Defense

DOD may need congressional help on data centers

Shutterstock image: black data center with white floors and ceiling. 

Acting Defense Department CIO Terry Halvorsen may need legislation to accomplish his goal of transforming how DOD data centers operate, he told Congress Feb. 25.

"We need to look at how we can expand private-public partnership, particularly in the area of data distribution or data centers," Halvorsen said in testimony before the House Armed Services Subcommittee on Emerging Threats and Capabilities, adding that doing so may require legislation. Halvorsen said he was interested in realigning, for example, Defense Information Systems Agency data centers as public-private partnerships to "get full value out of what can be commercial rate improvements."

Though he later declined to tell reporters what such legislation might look like, Halvorsen has floated the idea of hybrid data centers before. At a recent DOD cloud industry day, Halvorsen said he wants to make it possible to have private firms interfacing with data centers housed at government facilities.

Lawmakers did not respond directly to Halvorsen's legislative idea during the hearing, but when asked about it afterwards, Rep. Jim Langevin (D-R.I.), the subcommittee's ranking minority member, said it was something he would consider in the short term. Langevin said it is generally good policy to encourage the Pentagon to use commercial off-the-shelf technology and pursue public-private partnerships, but added that that he's unsure if legislation is appropriate in this case.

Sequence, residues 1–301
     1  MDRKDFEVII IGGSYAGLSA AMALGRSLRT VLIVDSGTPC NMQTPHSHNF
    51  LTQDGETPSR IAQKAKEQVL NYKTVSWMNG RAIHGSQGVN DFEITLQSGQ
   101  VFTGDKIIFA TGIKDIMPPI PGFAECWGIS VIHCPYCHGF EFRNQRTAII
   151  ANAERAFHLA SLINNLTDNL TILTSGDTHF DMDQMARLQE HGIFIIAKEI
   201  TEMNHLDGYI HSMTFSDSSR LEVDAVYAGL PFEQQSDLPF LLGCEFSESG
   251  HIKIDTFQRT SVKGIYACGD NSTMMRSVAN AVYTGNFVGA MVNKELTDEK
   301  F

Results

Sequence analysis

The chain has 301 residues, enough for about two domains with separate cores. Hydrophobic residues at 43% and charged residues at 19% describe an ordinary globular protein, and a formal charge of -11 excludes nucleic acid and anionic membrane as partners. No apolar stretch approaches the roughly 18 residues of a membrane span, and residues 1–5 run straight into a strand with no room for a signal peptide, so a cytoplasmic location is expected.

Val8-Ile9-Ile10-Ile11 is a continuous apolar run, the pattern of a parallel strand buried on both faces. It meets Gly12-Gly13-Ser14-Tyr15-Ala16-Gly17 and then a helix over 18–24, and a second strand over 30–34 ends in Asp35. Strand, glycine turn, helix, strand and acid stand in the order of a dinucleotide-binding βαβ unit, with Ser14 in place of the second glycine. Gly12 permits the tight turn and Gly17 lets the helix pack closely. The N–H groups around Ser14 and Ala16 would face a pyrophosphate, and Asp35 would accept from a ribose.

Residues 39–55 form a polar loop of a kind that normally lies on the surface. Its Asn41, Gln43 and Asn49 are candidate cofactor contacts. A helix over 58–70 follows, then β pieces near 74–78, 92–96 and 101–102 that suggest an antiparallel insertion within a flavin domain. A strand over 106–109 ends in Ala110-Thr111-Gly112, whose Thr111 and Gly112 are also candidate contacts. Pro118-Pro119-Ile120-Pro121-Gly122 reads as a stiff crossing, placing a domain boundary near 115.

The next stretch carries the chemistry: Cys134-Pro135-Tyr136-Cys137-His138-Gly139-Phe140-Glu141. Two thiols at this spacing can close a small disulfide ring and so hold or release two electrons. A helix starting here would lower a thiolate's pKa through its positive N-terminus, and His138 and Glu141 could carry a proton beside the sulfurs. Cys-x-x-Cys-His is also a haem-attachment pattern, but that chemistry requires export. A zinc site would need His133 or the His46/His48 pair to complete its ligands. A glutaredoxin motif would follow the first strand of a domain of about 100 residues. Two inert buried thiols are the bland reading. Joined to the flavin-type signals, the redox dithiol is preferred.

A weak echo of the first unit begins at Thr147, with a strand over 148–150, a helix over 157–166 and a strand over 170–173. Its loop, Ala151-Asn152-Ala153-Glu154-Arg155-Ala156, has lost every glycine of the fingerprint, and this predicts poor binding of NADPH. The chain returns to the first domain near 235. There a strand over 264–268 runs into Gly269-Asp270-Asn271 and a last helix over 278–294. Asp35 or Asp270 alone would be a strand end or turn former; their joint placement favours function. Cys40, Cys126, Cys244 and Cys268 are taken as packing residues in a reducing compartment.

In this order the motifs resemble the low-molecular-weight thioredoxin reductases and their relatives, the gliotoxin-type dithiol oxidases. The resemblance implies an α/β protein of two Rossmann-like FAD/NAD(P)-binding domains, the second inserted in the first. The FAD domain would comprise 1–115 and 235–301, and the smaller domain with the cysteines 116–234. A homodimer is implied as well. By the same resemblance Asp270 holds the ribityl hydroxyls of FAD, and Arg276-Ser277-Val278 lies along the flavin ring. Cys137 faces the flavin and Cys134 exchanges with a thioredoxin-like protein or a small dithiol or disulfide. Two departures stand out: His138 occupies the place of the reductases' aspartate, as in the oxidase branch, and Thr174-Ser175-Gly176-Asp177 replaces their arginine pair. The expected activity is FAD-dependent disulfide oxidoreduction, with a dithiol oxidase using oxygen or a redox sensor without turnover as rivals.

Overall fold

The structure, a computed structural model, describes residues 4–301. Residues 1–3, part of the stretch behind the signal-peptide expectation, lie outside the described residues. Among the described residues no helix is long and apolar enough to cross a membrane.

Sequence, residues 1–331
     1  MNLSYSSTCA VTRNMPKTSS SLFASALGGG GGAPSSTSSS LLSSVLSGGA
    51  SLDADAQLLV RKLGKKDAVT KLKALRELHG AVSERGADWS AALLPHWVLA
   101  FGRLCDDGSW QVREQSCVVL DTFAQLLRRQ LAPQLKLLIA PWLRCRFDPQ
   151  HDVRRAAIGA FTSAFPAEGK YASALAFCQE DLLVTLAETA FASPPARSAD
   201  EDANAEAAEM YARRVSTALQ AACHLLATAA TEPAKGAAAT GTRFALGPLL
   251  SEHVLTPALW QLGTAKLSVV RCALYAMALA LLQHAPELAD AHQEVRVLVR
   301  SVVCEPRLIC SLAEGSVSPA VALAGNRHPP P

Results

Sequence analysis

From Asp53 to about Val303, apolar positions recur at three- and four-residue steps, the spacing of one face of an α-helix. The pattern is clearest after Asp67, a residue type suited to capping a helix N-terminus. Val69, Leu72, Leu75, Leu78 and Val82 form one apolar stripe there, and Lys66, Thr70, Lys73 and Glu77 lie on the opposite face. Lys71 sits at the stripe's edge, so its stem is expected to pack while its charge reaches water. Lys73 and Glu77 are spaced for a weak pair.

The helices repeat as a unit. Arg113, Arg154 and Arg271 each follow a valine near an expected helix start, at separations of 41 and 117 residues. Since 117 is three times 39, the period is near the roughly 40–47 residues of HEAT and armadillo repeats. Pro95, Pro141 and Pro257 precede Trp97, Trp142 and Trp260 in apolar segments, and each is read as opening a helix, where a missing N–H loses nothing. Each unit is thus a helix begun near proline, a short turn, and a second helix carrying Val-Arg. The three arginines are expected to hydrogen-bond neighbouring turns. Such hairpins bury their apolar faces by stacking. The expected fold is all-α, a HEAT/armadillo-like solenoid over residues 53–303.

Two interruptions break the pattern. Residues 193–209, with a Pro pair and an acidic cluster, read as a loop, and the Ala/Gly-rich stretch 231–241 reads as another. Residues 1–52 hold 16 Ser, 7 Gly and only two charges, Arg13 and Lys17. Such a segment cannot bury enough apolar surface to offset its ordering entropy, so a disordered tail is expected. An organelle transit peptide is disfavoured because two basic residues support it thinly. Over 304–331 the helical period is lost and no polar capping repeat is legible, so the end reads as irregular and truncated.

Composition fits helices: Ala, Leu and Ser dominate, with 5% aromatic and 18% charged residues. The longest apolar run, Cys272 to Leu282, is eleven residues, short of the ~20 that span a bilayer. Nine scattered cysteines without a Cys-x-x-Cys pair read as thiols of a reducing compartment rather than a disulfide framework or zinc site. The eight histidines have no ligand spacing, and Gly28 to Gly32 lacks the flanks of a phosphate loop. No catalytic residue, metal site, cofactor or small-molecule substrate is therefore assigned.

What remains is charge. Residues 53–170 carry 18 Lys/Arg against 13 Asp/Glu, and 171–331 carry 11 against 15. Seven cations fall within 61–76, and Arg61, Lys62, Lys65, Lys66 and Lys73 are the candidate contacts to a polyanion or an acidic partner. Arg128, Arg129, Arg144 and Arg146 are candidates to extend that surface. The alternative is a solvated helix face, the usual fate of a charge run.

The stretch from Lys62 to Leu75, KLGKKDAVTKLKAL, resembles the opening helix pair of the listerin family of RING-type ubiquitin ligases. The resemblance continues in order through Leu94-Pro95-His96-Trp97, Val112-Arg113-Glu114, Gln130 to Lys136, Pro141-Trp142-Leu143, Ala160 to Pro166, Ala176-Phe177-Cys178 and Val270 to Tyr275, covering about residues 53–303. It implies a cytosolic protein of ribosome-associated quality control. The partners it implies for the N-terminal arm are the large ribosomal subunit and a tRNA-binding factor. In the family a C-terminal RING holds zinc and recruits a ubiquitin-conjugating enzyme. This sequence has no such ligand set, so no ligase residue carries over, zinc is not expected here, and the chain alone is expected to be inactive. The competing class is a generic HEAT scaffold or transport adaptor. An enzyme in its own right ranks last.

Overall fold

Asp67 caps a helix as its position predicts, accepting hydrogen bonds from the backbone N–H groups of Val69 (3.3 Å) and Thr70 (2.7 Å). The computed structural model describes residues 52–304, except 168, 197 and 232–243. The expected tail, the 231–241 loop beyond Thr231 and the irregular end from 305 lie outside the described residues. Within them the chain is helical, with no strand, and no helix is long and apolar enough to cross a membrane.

For Halvorsen, public-private data centers would help make better use of the vast trove of data DOD manages. Since becoming the Pentagon's top IT official in May, Halvorsen has prioritized data-center consolidation. "We have too many systems that do the same thing," he said in one of his first public appearances in June, adding that some of the department's databases have 80 percent or more data in common. He repeated that figure Feb. 25 on Capitol Hill.

Halvorsen also told lawmakers that the Pentagon needs the flexibility to be able to rotate cybersecurity experts in from the private sector, a point the head of Army Cyber Command made earlier this week.

Here again Langevin said he is mulling a legislative remedy. Despite some progress made by the military services in hiring and retaining cyber experts, Langevin said, "I still believe [that] both short, medium and especially in the long run, competition for the best and brightest in this field is going to be a significant challenge." If the Pentagon needs additional flexibility in hiring cyber talent, he said, "we need to be able to support that effort."

About the Author

Sean Lyngaas is an FCW staff writer covering defense, cybersecurity and intelligence issues. Prior to joining FCW, he was a reporter and editor at Smart Grid Today, where he covered everything from cyber vulnerabilities in the U.S. electric grid to the national energy policies of Britain and Mexico. His reporting on a range of global issues has appeared in publications such as The Atlantic, The Economist, The Washington Diplomat and The Washington Post.

Lyngaas is an active member of the National Press Club, where he served as chairman of the Young Members Committee. He earned his M.A. in international affairs from The Fletcher School of Law and Diplomacy at Tufts University, and his B.A. in public policy from Duke University.

Click here for previous articles by Lyngaas, or connect with him on Twitter: @snlyngaas.


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